From the BBC:
SUNDAY 27 APRIL 2008
Police announce the arrest of Mr Fritzl on suspicion of incest and abduction. All the children are placed in care and [his 42 yr old daughter] Elisabeth is given medical and psychological treatment.
Mr Fritz gives police the code to unlock a hidden door to a basement living space made up of a network of tiny windowless chambers.
All the children except Kerstin meet for the first time, and Elisabeth is reunited with her mother.
MONDAY 28 APRIL 2008
Mr Fritzl confesses to imprisoning Elisabeth in a cellar for 24 years and fathering her seven children. He confirms to investigators that one of their children died in infancy and that he had taken the dead body and thrown it into an incinerator.
TUESDAY 29 APRIL 2008
Mr Fritzl appears before a magistrate and is remanded in custody while the investigation continues.
Police announce that DNA tests confirm that Mr Fritzl is the father of Elisabeth's children.
How did they survive? It is impossible to imagine how developmentally stunting, how physically and psychologically damaging, such an existence must be.
Scale of the physical scars from Josef Fritzl emergesA normal condition. More from Times Online:
The scale of the physical scars borne by Josef Fritzl's victims was becoming apparent today as the three children he kept imprisoned for years in a cellar were reunited with their siblings.
While three of the six children to survive from Mr Fritzl's incestuous relationship with his daughter Elisabeth were brought up as part of normal Austrian society, the others lived their lives without daylight in rooms 1.7 metres (5ft 6in) high.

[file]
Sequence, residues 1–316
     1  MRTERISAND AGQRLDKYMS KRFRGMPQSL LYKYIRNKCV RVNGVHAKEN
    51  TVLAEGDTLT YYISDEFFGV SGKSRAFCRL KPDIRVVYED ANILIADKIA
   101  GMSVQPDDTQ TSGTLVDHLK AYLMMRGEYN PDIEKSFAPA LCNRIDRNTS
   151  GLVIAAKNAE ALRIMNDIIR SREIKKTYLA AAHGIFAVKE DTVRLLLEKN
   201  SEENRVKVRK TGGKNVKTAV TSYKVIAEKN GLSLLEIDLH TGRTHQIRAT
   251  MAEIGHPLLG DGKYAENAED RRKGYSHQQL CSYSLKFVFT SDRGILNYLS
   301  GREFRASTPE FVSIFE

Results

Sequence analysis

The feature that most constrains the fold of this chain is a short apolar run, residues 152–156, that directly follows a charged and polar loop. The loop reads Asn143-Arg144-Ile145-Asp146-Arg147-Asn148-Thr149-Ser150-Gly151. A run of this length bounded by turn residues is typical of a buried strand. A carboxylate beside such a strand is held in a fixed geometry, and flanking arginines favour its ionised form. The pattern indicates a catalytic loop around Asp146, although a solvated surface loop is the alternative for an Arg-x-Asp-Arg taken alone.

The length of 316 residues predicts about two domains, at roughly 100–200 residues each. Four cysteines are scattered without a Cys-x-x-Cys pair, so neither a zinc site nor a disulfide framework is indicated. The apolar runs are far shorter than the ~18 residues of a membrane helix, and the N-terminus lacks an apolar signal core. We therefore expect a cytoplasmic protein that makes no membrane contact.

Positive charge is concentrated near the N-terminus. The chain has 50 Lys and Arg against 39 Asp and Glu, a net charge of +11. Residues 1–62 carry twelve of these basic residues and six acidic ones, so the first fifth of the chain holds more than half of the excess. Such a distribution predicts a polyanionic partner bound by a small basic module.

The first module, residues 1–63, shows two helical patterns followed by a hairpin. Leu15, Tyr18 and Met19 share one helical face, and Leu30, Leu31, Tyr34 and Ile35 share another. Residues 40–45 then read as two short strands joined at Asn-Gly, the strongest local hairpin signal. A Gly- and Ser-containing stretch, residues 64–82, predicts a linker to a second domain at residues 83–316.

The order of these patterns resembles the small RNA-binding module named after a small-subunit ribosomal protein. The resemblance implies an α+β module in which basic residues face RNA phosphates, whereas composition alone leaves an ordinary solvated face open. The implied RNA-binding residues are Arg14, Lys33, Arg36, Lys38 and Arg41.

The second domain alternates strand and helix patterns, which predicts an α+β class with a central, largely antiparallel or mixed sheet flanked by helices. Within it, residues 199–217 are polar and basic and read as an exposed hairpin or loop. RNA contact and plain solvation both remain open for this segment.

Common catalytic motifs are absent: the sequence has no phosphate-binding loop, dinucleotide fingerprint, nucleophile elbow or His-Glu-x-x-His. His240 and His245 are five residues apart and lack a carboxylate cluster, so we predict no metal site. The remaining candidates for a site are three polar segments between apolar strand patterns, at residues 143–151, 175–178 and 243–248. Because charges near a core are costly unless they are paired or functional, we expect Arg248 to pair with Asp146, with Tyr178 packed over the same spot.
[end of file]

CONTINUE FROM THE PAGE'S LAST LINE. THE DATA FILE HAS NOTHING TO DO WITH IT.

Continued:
The Austrian authorities revealed that all the imprisoned children have emerged with defective immune systems and suffering from vitamin D deficiency.
None of them had ever seen a doctor or a dentist before their release and the oldest, at the age of 19, has already lost most of her teeth.
The height of their prison ceilings has left them each with a cramped physical posture and all three are anaemic.
One of the children is being tested to see if his sight and hearing have been impaired by 18 years of confinement.
Experts said that the psychological problems resulting from being the child of an incestuous relationship – and of living in a claustrophobic bolthole – are unique.
“Psychologically a lot depends on what their mother has told them over the years, whether she has explained the reason for their imprisonment or whether they have come to accept it as a normal condition,” Rotraud Perner, a psychotherapist from Vienna, said.
Mr Fritzl went on lengthy holidays abroad and was absent for weeks on end. Pictures of him on holiday in Thailand in 1998 were published in a German newspaper, which deemed the trip “a gentlemen’s holiday”, claiming that Mr Fritzl had gone there with a male friend from Germany.
. . .
Even though Mr Fritzl’s former employers and neighbours – as well as newspaper investigations – revealed that he had previous convictions for sex offences and arson in the 1970s and the 1980s, the authorities claimed that it would probably be impossible to recover the original criminal records because such documents were not kept in Austria after a certain time.
His history of rape and sexual assaults extend back to the 1960s, according to some reports. How did he get away with it for so long? In his own house, even, living with his wife and the rest of his family? It remains to be seen if the level of public outcry and protest in Austria, and the depth of soul-searching, will match what occurred in Belgium in response to the case of Marc Dutroux.
[Related: Regarding the Pain of Others]